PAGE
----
Nabisco Crackers: Made in Mansfield

It has long been a rumor of local lore, echoing out of the dim past, that the Nabisco Company started in Mansfield.  This is sort of true.  It can also be said that Nabisco started in dozens of other cities as well because the National Biscuit Company was born as an amalgamation of 114 independent bakers all over the country.

Our city has a special claim, however, because the first president of the company was the baker from Mansfield, so in its newborn months and inaugural year the main office of the company was headquartered here.

This is how it happened.

Making Dough

In the middle of he 1800s every town in America had a bakery or two turning out bread and crackers for their local area.  In our town it was Crawford & Zeller—a couple of men from Indiana who landed at the corner of Fifth and Walnut to turn the Flats into a bakery district that always smelled like warm bread.  A few years later it became Crawford & Taylor.

By the late decades of the century when the Industrial Revolution was going full steam, all those many independent bakeries had figured out that if they banded together they would have greater power to buy cheaper and sell farther.  So there developed a short list of larger teams of bakers in the US.

This unifying strategy created the New York Biscuit Co, the American Biscuit Co, the US Baking Co—all of whom were suddenly in competition with one another.  It was great for everyone who bought crackers because the Big Three cracker companies were continually undercutting each other with price wars.  It was not so great for the bakeries who were cracking each other to pieces and running the whole industry into the ground.

So in 1898 they worked out a deal whereby all the big teams—and therefore all the dozens of little local factories—would join together and work as one within a common name.  This was the National Biscuit Company.  Their first president was Benjamin F. Crawford, owner of Mansfield’s Crawford & Taylor cracker factory.

The original cracker factory in Mansfield (above) was built in 1860 and owned by Capt. John Zeller, a Civil War veteran from Indiana.

The factory was expanded in 1872 (below) and later came into the hands of Col. BF Crawford and Capt. William Taylor.

The Leavening

Once all these various baking factories were working toward a common goal it was quite natural that the work got divided up: so instead of everybody trying to make everything, they were each assigned a couple products they could specialize in and focus on.

Before the NBC was born the Mansfield cracker works was widely known for quite a number of goodies:

After Crawford & Taylor became membered in the Na Bis Co clan they turned out a smaller variety of products but made more of them, that shipped farther away.  NBC executives unanimously agreed that the Mansfield cracker works made the best ginger biscuits, so early on in the 20th century Mansfield became the principal producer of ginger snaps.  In Nabisco wrapper lingo they were called Zuzus.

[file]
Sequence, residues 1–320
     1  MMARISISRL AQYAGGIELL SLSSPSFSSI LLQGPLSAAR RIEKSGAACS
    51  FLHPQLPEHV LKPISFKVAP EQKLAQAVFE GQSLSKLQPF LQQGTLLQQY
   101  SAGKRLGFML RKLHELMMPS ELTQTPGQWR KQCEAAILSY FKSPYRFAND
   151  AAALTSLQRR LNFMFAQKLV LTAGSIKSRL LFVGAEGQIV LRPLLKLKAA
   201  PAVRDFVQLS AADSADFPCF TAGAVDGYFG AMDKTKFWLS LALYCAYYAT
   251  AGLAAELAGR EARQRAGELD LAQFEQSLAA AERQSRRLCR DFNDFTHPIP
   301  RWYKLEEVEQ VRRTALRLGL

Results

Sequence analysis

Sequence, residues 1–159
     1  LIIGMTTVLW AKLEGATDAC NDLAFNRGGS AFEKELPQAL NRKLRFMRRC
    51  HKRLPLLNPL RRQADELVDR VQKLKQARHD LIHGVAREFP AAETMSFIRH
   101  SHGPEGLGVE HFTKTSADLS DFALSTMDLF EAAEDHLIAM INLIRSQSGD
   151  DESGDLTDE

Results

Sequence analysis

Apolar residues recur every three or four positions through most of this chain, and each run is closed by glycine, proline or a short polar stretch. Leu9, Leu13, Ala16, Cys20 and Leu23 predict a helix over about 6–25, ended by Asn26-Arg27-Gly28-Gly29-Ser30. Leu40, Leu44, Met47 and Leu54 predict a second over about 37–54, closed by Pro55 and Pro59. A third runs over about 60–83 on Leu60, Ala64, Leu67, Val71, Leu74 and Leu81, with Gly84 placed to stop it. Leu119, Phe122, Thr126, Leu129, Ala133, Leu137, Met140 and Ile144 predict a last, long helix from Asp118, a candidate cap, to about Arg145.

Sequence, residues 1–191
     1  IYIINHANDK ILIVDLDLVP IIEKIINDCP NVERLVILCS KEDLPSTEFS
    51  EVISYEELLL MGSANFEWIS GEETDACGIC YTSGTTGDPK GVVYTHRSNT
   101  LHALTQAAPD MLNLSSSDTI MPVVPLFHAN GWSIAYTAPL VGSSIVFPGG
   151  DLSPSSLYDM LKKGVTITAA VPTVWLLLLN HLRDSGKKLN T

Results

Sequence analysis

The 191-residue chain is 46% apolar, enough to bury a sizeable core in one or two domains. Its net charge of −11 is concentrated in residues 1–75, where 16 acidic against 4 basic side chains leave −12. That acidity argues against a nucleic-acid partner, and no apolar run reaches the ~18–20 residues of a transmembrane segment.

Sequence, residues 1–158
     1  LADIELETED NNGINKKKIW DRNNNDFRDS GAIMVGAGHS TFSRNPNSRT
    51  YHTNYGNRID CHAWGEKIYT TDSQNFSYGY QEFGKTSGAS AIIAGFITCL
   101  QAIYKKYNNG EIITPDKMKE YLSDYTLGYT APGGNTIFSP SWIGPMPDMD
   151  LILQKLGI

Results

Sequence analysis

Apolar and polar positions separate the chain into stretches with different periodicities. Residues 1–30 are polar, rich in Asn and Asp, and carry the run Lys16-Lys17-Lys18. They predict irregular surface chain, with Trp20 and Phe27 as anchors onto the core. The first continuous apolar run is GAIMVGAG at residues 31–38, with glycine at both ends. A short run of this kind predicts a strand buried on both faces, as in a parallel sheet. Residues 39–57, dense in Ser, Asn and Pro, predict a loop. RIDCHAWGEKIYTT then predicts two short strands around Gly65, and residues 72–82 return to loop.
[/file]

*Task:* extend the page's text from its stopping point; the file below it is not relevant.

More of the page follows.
These cookies were “a spicy combination of ginger and sugar-cane molasses” that came in a box colored a distinctive shade of yellow with a peculiar reddish type.

Of course since Zuzus were so popular there were many imitators and pretenders trying to steal the business.  In 1915 you could buy all kinds of Zuzu wanna-bes like Lulus, Hoo Hoos, Zulus, Su Sus and Boo Boos.  But in the end Zuzus were pretty unique because they were the only cookies that came with their own clown.

Zuzu the clown showed up in magazines and billboards, and he also made appearances in person all over the US in his baggy smock that was colored a distinctive shade of yellow with stars of a peculiar reddish type.  For a number of years Zuzu was always seen on the streets of Mansfield marching in every parade.

ZuZu the Clown was as commonly known and fondly regarded, in the American popular culture of a hundred years ago, as the Trix rabbit or Ronald McDonald might be today.

He was a pioneer in advertising recognition: though other companies had well known characters who represented their products (like the Quaker Oats Man) none of these personae had names or made live public appearances.

The National Biscuit Co trademark of an oval with crosses, still in use today, was derived from a medieval guild stamp.

These ladies were photographed on the steps of Mansfield’s cracker factory around 1900 after it had become part of the National Biscuit Company. Their baked goods went to groceries around the state by wagon, then train, then wagon.


The old cracker factory on Fifth Street cranked out Zuzus until 1935 when the Mansfield operation of Nabisco was changed from manufacturing to distribution.  In 1951 they built a new warehouse on North Main at Orchard Street from which they gathered and shipped via Route 30, and when they outgrew that building they built another one in 1966 on National Parkway in the Trimble Road industrial park.

There is no longer a big Nabisco presence in Mansfield, but it is still here, there and everywhere on the shelves of stores in town and around the world.

These guys photographed in 1913 are each enjoying a box of ZuZus, produced in Mansfield, Ohio, as did generations of Americans in the early decades of the 20th century.

The other main Nabisco product baked on Fifth Street was Oyster Crackers, but there aren’t many photos of folks sitting in the lawn eating those.

So how pervasively was the National Biscuit Company embedded into Mansfield life and culture?
Judge for yourself from this photo taken in somebody’s backyard on Hedges Street in the 1930s.

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